|With my "twin sister" Billy|
Tuesday, 13 September 2011
Love and Acceptance
I spent last weekend with my best friend, actually my twin sister, at his hometown of Caen in Normandy. Quite aside from the warm welcome I received, from the difficulty I had remembering my French, which I hadn’t spoken in 30years, from the vast quantities of food consumed (we’ve both come back fat as pigs), what struck me most was the love, acceptance and openness shown by all those I met.
Billy did not have an easy childhood or adolescence. Thrown out of the family home at the age of 15, when he came out to his alcoholic father, who died last year, he fled to Paris, New York, Brighton and London, doing whatever he could to survive, eventually turning to drugs and alcohol himself. However, even at the height of his addiction, he had a keen instinct for survival, which led him to check himself into the Priory, taking the first steps on the road to a recovery, which continues to this day. He has been clean 9 years, though this does not stop him going out and enjoying himself at parties where those around him are drinking or taking drugs. His problem has never become anyone else’s. A few years back he was diagnosed HIV positive, which he dealt with with equal courage and fortitude. With all these problems he has also managed to own and run successful businesses. He is a remarkable person.
I tell you this because Billy is very open about the details of his life. Everyone we met in France, from his relations to his school friends knows everything about him, but it has made no difference to them. It was wonderful to see how he was welcomed with total love and acceptance by all the people we visited, and there were an awful lot of them. (I was getting quite lost as to who was who by the end of Saturday). Inevitably I suppose, I began to compare his life to mine. I had a fairly trouble free childhood, though my adolescence was harder as I tried desperately to be the person my mother wanted me to be, rather than the person I am. I knew I was gay, but I hid it from myself as well as everyone else for such a long time, that when I finally accepted I was gay, it was something of an epiphany. I came out to all my friends down here in London, then to my brother, and finally to my mother. She reacted as only she could. She still loved me of course, but that was despite the fact that I was gay, which was just another cross for her to bear. She would of course keep it to herself, as there was so much shame attached to having a gay son. To this day she has never told the rest of the family, not even her own brothers, to whom she claimed to be so close. So much for openness and acceptance. Is it any wonder my visits to my hometown became more and more infrequent. Unlike Billy, I never really felt I fitted in with anyone at school, so I have no contact with any of my childhood friends, many of whom have moved away from the area anyway. It was only when I moved to London and went to Drama College that I felt I fitted in anywhere.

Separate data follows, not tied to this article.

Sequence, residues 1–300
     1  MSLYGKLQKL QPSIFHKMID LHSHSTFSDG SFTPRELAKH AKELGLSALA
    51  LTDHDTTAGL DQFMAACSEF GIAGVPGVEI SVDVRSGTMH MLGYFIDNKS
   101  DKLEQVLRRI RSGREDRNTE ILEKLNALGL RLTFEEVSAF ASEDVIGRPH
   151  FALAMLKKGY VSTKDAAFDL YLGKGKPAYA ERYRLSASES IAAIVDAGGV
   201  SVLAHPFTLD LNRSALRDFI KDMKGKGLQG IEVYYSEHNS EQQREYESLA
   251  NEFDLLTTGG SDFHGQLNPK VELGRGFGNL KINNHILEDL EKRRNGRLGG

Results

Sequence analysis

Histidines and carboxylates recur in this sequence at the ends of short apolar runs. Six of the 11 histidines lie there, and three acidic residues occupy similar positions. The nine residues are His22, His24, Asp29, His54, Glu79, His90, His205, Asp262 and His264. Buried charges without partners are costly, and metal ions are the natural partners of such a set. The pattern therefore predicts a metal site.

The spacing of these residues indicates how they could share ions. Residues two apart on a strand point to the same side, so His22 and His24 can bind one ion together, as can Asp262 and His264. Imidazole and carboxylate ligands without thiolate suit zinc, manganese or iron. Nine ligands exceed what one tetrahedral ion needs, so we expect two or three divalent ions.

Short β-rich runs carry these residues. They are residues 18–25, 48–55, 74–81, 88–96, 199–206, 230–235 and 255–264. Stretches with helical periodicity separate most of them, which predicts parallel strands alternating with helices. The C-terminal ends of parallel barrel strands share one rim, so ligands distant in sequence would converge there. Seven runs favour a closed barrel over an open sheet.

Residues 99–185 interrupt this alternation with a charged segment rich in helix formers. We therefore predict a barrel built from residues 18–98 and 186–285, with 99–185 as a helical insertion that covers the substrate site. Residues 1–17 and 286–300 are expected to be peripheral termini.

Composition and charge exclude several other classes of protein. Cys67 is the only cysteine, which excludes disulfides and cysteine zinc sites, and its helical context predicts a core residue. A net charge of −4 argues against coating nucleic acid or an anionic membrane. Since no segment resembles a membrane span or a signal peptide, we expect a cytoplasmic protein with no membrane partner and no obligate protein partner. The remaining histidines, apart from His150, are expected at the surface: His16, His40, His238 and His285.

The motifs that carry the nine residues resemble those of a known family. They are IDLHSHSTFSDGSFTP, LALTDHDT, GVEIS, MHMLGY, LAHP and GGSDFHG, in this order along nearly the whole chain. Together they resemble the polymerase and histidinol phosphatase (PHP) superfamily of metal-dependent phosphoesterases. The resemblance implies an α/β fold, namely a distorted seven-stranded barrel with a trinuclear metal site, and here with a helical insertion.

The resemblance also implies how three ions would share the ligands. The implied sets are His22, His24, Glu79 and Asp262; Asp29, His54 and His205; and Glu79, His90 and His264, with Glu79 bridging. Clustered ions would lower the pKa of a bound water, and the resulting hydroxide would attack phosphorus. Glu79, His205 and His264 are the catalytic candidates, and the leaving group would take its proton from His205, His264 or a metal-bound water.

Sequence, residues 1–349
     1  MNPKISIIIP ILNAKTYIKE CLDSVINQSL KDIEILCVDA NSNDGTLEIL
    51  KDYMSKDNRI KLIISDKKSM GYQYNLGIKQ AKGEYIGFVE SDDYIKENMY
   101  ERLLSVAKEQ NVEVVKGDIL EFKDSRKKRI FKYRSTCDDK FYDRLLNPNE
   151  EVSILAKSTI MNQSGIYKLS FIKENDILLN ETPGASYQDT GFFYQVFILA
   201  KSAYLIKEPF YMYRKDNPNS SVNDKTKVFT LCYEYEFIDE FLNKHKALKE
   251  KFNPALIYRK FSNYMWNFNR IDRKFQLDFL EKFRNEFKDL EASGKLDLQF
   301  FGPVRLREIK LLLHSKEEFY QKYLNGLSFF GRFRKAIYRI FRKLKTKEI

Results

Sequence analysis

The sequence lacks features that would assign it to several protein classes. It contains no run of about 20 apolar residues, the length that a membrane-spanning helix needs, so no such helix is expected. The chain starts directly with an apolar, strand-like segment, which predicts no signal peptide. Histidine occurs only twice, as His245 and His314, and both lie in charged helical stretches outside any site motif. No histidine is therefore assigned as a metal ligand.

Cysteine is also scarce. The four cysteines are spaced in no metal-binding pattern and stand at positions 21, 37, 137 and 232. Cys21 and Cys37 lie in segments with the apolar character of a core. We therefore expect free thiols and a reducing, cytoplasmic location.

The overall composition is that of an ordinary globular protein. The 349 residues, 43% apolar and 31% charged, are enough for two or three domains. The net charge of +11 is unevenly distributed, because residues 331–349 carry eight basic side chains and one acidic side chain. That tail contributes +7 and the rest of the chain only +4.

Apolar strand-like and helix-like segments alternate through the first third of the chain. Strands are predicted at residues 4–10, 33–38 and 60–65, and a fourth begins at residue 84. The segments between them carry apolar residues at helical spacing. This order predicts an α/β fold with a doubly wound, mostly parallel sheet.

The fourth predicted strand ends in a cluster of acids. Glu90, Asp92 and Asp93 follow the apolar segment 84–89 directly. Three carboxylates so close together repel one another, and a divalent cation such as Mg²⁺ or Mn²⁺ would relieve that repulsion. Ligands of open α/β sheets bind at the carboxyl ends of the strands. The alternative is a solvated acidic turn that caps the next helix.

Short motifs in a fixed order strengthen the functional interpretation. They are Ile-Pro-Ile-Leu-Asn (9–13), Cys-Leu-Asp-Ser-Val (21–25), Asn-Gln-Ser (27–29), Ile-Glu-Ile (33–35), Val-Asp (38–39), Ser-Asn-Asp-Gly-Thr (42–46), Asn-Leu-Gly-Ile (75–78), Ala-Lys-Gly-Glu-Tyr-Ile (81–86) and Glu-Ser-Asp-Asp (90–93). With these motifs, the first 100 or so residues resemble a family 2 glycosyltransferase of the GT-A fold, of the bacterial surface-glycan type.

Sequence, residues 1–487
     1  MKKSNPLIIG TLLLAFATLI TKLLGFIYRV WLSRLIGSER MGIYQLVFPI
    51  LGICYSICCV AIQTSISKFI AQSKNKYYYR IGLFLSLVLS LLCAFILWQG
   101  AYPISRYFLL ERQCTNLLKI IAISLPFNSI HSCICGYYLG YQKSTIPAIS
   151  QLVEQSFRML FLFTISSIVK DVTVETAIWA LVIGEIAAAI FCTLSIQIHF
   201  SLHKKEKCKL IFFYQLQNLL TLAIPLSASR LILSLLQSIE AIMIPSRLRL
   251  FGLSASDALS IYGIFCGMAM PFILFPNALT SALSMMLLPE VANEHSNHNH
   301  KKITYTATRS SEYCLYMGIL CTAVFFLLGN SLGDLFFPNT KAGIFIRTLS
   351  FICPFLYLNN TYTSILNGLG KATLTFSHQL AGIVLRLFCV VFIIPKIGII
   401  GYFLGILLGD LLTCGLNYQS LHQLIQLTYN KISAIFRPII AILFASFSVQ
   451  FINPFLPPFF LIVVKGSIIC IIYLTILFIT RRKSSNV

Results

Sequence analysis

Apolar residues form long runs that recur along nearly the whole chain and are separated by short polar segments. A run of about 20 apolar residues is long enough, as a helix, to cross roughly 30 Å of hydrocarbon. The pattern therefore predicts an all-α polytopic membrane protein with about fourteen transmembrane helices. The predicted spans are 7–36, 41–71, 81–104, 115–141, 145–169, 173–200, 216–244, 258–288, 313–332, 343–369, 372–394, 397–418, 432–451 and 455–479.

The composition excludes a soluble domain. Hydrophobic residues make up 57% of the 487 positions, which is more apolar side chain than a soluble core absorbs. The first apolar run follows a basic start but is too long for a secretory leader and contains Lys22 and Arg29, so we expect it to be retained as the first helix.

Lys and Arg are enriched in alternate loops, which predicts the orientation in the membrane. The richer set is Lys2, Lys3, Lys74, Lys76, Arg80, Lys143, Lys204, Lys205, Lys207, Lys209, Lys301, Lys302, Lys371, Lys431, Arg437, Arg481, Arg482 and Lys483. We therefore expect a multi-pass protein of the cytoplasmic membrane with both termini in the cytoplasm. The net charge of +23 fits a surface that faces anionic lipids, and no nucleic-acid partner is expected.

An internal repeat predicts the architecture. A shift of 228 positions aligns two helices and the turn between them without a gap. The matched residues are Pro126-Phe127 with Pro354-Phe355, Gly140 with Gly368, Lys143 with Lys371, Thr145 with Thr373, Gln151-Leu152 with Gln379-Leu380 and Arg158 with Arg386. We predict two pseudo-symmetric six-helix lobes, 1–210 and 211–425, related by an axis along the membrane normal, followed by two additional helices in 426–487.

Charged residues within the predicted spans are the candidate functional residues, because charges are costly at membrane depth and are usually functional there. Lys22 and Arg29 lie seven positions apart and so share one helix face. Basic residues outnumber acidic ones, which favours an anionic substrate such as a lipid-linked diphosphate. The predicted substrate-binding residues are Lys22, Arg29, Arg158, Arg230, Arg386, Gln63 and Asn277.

The main reason for us going to France at the weekend was to attend the 40th birthday party of one of Billy’s friends, whom I had met, with his charming wife and lovely young daughter when they were here in London for New Year. The guests (at least 60 of them) ranged in age from young children to grandparents . Apart from Billy and me, there was one gay couple there. Everyone else was straight, though we fitted in so wel it really was of no consequence who was straight and who was gay. A few spoke English. Most didn’t, though I still managed to hold quite a few conversations with people. The party started at 8pm with punch and nibbles, but tables had been set for a sit down meal, which Christophe, our host had prepared himself. He had always been adamant that on his birthday he would cook for his friends. In the event, we didn’t sit down to eat till 10pm and dessert didn’t arrive till 2am! The courses were interspersed with dancing and even a flash mob, with which I joined in, having been taught the routine the previous evening. Billy’s sister had written new lyrics to a well known French song, detailing events in Christophe’s life, which she performed with her husband and another couple of close friends, and so on and so forth. Billy acquainted people with what I do for a living, explaining the difference between us. “I’m a slut and he’s a whore, because he gets paid and I give it away free”. Not really true these days. Billy’s more of a nun, which seems a terrible waste to me. But I digress. Nobody made judgements. I was welcomed with acceptance and open arms. I suppose what I am saying is that it was a joy to be accepted for who I am, rather than despite who I am, which is usually the case when I go to my hometown. When we left the party, exhausted, at 3am, it was still in full swing, children still playing, people still sitting round chatting or dancing. I had more fun than I’ve had in a gay club in London in a very long time.
Wouldn’t it be wonderful if the world could be like that? If we could all be accepted for who we are? Too often, like most minorities, we are tolerated rather than accepted, if we are tolerated at all. Why do so many people find it hard to accept other people’s differences? Difference is what makes the world go round. It should be celebrated, as indeed it was on Saturday night.